As a public health advocate, I work each day to educate families and health care providers about the importance and availability of vaccines. As a parent, my top priority is the health and safety of my children.

So, it was surprising to me when I recently encountered a potential issue in getting my son immunized against a deadly, yet vaccine-preventable disease — Meningitis B.

If you’ve never heard of Meningitis B, you’re not alone. Many parents are aware of a meningococcal vaccine that protects against four serogroups of the disease, but few know there’s a separate vaccine to protect you and your children against a fifth serogroup, Meningitis B.

Vaccines to prevent meningococcal disease should be given to kids at age 12 and again at 17. Vaccines are important at all stages of life, including for our teens and pre-teens. In addition to meningococcal disease, adolescents should be receiving vaccines that prevent human papillomavirus (HPV), influenza, and Tdap, a vaccine that boosts their protection against tetanus, diphtheria, and pertussis.

Many states, including Connecticut, require children to be vaccinated against meningococcal disease. However, the requirement usually only extends to the vaccine that covers the four serogroups of meningococcal disease, not the newer vaccine that prevents serogroup B – which has been responsible for nearly all the outbreaks on college campuses recently.

Fast forward to my son’s latest doctor’s appointment. He’s about to be a senior in high school, so I asked about the meningococcal vaccines. My pediatrician suggested we wait to see what college my son gets into and determine the immunizations based on that school’s requirements. When I insisted that my son will have all available vaccines no matter what college he attends, I was told I’d need to go to the pharmacy, pick up the vaccine and bring it to the doctor’s office for administration. I was shocked and dismayed. I know the facts, I know the importance of getting this done. But I know most people don’t. I know most people don’t spend their days with families who have been devastated by the death of a child to meningococcal disease. I know that it would be easy to take the recommendation of your doctor—who you trust—and wait and see about getting your kid vaccinated.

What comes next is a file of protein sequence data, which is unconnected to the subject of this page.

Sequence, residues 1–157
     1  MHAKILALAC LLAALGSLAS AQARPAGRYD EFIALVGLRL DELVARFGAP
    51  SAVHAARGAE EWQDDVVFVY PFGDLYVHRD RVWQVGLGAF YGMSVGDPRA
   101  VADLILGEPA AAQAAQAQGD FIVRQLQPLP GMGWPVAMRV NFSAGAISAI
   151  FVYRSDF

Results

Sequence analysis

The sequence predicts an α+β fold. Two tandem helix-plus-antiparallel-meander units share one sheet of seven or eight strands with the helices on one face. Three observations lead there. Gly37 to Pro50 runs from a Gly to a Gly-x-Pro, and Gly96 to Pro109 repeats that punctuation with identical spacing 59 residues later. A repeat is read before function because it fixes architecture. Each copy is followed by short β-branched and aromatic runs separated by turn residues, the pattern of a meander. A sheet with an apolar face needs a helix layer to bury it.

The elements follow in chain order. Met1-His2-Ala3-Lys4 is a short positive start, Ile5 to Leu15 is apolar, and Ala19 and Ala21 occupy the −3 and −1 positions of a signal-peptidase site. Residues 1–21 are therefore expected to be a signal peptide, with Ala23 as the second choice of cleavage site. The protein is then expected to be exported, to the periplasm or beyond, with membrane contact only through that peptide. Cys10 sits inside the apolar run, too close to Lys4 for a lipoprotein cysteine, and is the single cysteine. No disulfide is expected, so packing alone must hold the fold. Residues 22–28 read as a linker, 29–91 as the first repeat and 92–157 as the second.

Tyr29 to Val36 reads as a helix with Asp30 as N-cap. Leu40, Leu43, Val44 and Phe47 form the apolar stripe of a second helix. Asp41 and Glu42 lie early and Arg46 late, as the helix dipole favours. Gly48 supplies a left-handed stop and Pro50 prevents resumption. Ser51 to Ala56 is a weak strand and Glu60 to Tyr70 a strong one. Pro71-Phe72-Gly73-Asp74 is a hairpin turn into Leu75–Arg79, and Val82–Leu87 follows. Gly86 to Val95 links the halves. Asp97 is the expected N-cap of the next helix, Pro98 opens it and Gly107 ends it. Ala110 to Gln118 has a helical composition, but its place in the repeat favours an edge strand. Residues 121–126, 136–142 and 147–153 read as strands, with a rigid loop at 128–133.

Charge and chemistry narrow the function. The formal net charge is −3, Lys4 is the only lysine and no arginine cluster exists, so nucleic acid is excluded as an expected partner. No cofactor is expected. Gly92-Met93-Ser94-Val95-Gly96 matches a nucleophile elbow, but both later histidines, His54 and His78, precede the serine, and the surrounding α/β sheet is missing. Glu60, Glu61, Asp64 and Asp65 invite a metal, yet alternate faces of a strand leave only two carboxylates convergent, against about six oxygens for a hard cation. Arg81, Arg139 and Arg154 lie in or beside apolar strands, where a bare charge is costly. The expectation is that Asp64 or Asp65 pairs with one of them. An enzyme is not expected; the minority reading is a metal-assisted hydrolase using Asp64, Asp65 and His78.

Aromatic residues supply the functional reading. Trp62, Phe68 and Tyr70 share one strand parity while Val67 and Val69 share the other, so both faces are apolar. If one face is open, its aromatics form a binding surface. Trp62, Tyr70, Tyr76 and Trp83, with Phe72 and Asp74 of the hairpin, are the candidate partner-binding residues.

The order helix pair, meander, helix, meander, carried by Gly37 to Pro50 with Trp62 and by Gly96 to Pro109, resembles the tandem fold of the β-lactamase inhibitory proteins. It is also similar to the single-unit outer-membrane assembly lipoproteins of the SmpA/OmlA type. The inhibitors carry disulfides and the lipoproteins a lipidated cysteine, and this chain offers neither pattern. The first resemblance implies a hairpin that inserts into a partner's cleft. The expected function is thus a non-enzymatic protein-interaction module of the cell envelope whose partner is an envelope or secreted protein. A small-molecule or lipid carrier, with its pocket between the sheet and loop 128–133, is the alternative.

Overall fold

But you can’t wait. This disease is too deadly, too fast moving. It takes a perfectly healthy person and steals their hearing, their arms and legs, and even their life in a matter of hours. It’s true that many of the cases of the disease happen on college campuses, due to the nature of how the disease spreads, through close personal contact. But I know families who have lost high school children; adults who contracted it on vacation. It’s a serious disease that cannot be dismissed so easily.

My children will be vaccinated to prevent Meningitis B and all other diseases. I urge parents to learn about meningococcal disease, the vaccines to prevent it, and to be advocates for your children. Question your doctor. Know the facts. Protect your family.

Amy Pisani, M.S. is the Executive Director of Every Child By Two. She lives with her family in Waterford.

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